The One Ingredient in Sunscreen to Avoid
Okay, so this title may be misleading because there are a number of ingredients in sunscreen that make my head spin and green pea soup-y stuff shoot out of my mouth. But if you find a sunscreen without this one ingredient, you are likely putting something on your skin that doesn't include a lot of the other junk either.
So here it is. The one ingredient I want you to watch out for. You may have to squint to find it...
Here's why I want you to avoid it...
The Environmental Working Group (EWG) has posted warnings about this ingredient for years, claiming that it's a potential hormone disruptor and, and here is the kicker, becomes carcinogenic when exposed to sunlight.
Yes, a major ingredient used in SUNSCREEN has been shown to potentially cause cancer when you expose it to sunlight.
But let me back up a bit.
You know I like to research.And I want to make sure there is science behind these kind of claims before I share them with you because we all have enough to be thinking about already and Good Grace don't give us something else.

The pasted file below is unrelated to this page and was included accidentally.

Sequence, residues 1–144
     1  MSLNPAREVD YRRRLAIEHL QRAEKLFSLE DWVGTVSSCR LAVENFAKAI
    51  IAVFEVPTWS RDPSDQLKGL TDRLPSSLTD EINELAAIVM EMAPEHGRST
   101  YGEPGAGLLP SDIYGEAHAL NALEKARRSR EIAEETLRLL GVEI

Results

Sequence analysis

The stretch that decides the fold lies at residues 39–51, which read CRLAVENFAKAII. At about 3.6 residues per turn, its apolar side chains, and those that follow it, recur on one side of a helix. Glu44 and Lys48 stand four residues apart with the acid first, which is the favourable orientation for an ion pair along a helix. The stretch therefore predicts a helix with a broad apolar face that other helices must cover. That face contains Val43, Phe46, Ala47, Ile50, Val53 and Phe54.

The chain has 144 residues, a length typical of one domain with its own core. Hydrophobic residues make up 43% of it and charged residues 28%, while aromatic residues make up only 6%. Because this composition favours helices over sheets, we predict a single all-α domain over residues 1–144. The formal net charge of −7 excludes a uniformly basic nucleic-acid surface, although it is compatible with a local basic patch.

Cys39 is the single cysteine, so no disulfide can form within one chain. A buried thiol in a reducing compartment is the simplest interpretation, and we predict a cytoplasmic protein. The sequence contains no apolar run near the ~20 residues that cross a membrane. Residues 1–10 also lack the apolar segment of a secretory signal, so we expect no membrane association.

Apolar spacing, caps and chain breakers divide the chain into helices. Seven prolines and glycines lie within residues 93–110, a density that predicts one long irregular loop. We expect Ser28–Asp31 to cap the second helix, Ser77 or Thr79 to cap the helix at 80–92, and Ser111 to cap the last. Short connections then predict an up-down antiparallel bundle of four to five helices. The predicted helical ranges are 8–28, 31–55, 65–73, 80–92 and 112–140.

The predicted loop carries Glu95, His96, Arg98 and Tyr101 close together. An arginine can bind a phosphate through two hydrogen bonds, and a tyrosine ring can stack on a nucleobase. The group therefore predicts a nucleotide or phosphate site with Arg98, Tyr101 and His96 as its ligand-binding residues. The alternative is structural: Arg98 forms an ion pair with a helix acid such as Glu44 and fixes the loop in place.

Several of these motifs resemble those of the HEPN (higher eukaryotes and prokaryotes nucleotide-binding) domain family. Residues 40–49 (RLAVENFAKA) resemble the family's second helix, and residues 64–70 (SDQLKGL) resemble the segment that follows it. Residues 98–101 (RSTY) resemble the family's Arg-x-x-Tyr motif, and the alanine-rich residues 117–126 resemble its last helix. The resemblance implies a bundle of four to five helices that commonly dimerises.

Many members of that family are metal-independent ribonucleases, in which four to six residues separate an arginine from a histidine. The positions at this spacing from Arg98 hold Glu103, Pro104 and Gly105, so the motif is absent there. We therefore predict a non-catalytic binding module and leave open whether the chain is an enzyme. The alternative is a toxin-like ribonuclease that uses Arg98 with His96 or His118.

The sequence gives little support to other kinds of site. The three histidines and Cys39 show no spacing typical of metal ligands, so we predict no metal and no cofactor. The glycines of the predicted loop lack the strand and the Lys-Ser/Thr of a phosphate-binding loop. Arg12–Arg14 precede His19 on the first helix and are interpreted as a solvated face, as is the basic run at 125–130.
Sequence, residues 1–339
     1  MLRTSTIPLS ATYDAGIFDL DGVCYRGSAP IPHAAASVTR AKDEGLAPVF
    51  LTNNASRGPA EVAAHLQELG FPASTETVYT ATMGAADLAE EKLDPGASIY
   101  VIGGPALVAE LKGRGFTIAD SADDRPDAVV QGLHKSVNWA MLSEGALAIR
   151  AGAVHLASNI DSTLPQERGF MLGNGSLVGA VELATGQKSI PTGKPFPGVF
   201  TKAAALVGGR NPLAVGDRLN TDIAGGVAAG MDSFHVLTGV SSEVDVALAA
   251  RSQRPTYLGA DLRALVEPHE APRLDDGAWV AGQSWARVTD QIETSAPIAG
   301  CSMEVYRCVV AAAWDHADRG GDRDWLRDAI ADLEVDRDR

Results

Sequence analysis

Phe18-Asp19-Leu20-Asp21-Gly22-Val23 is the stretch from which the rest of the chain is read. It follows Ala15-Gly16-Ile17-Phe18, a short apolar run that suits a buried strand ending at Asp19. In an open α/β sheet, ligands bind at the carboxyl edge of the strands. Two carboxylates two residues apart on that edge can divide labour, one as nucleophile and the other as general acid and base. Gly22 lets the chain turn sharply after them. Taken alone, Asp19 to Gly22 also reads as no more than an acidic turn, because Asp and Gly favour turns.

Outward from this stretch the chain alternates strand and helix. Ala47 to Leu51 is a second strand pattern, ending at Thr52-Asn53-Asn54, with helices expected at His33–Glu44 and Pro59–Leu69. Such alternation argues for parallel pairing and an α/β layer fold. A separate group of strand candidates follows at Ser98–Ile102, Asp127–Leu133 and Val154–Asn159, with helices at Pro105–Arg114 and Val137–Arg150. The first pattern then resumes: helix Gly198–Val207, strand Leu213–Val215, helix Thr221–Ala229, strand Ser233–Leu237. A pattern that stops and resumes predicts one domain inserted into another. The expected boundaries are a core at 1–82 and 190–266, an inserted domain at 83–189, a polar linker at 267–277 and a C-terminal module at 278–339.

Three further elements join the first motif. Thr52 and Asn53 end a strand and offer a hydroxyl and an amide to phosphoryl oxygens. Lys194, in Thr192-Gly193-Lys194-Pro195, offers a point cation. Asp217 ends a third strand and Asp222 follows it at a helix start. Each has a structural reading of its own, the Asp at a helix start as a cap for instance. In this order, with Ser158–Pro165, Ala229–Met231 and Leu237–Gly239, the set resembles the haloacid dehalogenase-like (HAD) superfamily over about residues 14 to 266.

Retinyl palmitate is composed of palmytic acid and retinol, one of the animal forms of Vitamin A. All retinoid forms of Vitamin A are used in cosmetics. Retinoic acid is used in the treatment of severe acne, as in Accutane. Vitamin A is thought to be a powerful antioxidant and as such, may protect against cancer and help to fight the aging process.
Which is why it's often used in sunscreen. Makes sense, right?
Except that when we start extracting vitamins and changing their make-up and ingesting them in ways that nature may not have intended (as within sunscreen), sometimes we change how our bodies react to them.
The Skin Cancer Foundation put out a statement, specifically referring to the EWG and how its claims about sunscreen were based on "junk science". Usually when I refer to anything by the EWG, the data they present appears to be well-researched and includes a number of references, so I was surprised that the SCF would make this claim.
So I looked into why they might.
Turns out the SCF has a number of corporate sponsors, which you can find here. They include big names like Proctor & Gamble, Neutrogena, Banana Boat, Hawaiian Tropic, and a whole bunch more. It was the same with the American Academy of Dermatology, which also posted a paper blasting the EWG and their warnings. You can see the corporate partners for the AAD here.
So if my choice is to believe an organization that was founded to make access to information about what we put into our bodies easier or to believe one that is funded by the very manufacturers who stand to benefit by keeping things as is, I tend to lean toward the former. Oh, and the EWG has corporate partners as well. You can read who they are here.
Okay, but let's get back to the science. I wanted to be sure there was, indeed, science.